The Sony name combines the Latin word “Sonus,” meaning sonic, with “Sonny,” an English derived word symbolizing a youthful boy, or small size. The latter is fitting given Sony’s foray into the genre of mirrorless technology – an increasingly popular line of smaller and compact-sized cameras that provide photographers DSLR-like flexibility by providing interchangeable lenses.
Sony has been aggressively rolling out mirrorless models this year to compliment its growing NEX-series which debuted back in 2010. Since May, it has announced three new cameras to its NEX-line, with the NEX-F3 being rolled out first.
The NEX-F3, which is stuffed with a 16-megapixel APS-C sensor, replaces the NEX-C3, and is the third generation entry-level model to the NEX-line. Although, it’s difficult to find anything entry-level about this amateur interchangeable lens product because it borrows so much from its higher-end relatives: its design closely mimics the NEX-5N and NEX-7, its ISO range has been increased to 16,000, and the NEX-F3 upstages its predecessor by adding a flash.
Despite the changes made inside and outside of the NEX-F3, the camera surprisingly makes no image quality evolution over its predecessor, the NEX-C3.
Pros of the Sony NEX-F3:
- Improved ergonomics, with a better hand grip.
- Vivid 921k-dot LCD screen that tilts 180 degrees.
- Wider ISO range of 200-16,000.
- Built-in flash.
- HD video.
- Good dynamic range.
- Good control of noise.
- Nice color depth.
Cons of the Sony NEX-F3:
- No gain in image quality over its predecessor.
- Low light performance could be better.
Sony’s NEX-F3 sensor received a commendable DxOMark Overall Score of 73 placing it in a three-way tie for 11th place among Sony cameras – it’s equalized by the NEX-C3 and the Sony SLT Alpha 55. Interestingly, the mirrorless NEX-7 tops all other Sony cameras in DxOMark sensor rankings, illustrating the NEX-F3 had a lot of opportunity and potential to increase its sensor quality.
The hybrid NEX-F3 received praise for its color quality. It can register about 22.7 bits of color, making the camera a real color hunter. Portrait and nature photographers would easily be attracted to this mirrorless camera’s ability to capture a wide variety of colors and contrast.
Landscape and architecture photographers will appreciate the NEX-F3’s praise-worthy dynamic range quality. Its best dynamic range is around ISO 200, but the camera still produces quality details in contrasting environments until about ISO 800.
NEX-F3’s weakest sensor quality is its uninspiring performance in low light. It reached an ISO threshold of about 1115, after which its image quality began to deteriorate. Nevertheless, it remains satisfactory for an APS-C sensor.
Comparison: Sony NEX-F3 vs. Panasonic Lumix DMC-GF5
In a battle of hybrids, DxOMark pits Sony’s mirrorless NEX-F3 and its 16-megapixel APS-C sensor against Panasonic’s mirrorless Lumix DMC-GF5 and its 12-megapixel Micro Four Thirds sensor. The duo, which view for the same consumer base, are extremely close in price range – just one US dollar separates the two. However, that’s where many of their similarities end.
There is a wide gulf in sensor quality between the dueling competitors. For starters, the NEX-F3 registered 22.7 bits of color compared to the 20.5 bits of the Lumix DMC-GF5. This two-bit difference means the NEX-F3 can reproduce four times as many colors as the Lumix DMC-GF5. The two also have a significant difference in tonal range – nearly 2/3-stop separates the two.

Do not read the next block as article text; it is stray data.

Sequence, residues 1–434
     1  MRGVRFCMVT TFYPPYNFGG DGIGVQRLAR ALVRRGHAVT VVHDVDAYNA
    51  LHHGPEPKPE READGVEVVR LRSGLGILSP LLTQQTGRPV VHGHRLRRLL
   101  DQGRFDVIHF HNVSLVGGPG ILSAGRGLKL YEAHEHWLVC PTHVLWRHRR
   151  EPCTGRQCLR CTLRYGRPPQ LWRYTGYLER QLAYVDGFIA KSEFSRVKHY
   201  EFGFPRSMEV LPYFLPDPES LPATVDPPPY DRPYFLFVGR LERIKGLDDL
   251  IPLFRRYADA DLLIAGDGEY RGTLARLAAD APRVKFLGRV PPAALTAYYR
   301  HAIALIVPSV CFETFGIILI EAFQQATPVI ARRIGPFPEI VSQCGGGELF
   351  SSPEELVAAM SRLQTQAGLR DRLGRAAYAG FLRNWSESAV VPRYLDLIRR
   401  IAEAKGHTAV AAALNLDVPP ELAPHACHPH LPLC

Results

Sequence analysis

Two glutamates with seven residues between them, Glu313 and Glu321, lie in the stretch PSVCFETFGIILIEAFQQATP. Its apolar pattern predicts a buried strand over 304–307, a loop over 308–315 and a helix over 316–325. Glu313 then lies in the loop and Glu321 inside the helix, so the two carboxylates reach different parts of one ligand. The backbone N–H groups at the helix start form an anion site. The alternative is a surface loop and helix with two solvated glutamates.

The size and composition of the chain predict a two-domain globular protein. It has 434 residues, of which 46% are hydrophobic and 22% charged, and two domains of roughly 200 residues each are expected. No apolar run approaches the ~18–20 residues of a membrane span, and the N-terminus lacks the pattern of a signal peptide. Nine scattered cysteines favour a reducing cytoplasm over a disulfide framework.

The two also had striking differences in dynamic range and low light ISO. The more than 2 Evs advantage of the NEX-F3 translates to a whopping two-stop difference between it and the Lumix DMC-GF5. The NEX-F3 also is much more masterful in low light, registering a full-stop brighter than the Lumix DMC-GF5 – the latter you see image quality drop off at ISO 573 and higher; and the NEX-F3 this is noted at ISO 1114 and higher.
The NEX-F3 handed the Lumix DMC-GF5 a convincing blow in sensor quality. The larger sensor size is a contributing factor to the NEX-F3’s resounding sensor superiority over the Lumix DMC-GF5. But how does the NEX-F3 compare to an alternative Sony camera? The family comparison is much less dynamic and in some regards disappointing.
Comparison: Sony NEX-F3 vs. Sony NEX-C3
Changes to the Sony NEX-F3 seem largely cosmetic, as its image quality made no gains – and thankfully no losses – in image quality from its predecessor the NEX-C3. The pair had nearly identical results, with the NEX-F3 just marginally edging out the NEX-C3 in dynamic range and low light ISO performance.
However, the separation between the two was so small that is well within DxOMark’s margin of error and did not warrant an increase in the NEX-F3’s overall score.
These sensor quality similarities are partly expected, as the NEX-F3’s and NEX-C3’s sensors were largely identical. Unfortunately, this refreshed sensor, and not replaced sensor, leaves the NEX-F3 on a flat trajectory for image quality improvement. It would have been more wise for the electronics giant to have at least tinkered with the sensor’s low light performance, as it still underwhelms in dim conditions, and would likely turn off many sports and event photographers.
The Sony NEX-F3 is a high quality entry-level mirrorless camera. Amateur photographers looking to advance their camera expertise will find the Sony NEX-F3, and its interchangeable lenses, a rewarding upgrade from their point-and-shoot. For its part, the NEX-F3 supplies rich and vivid color, preserves details nicely in high contrast images, and does better than most hybrid cameras in low light settings. However, for those looking to replace an older mirrorless camera, they might be reluctant to invest in the NEX-F3 after noting its lackluster, or barely negligible, sensor quality improvements.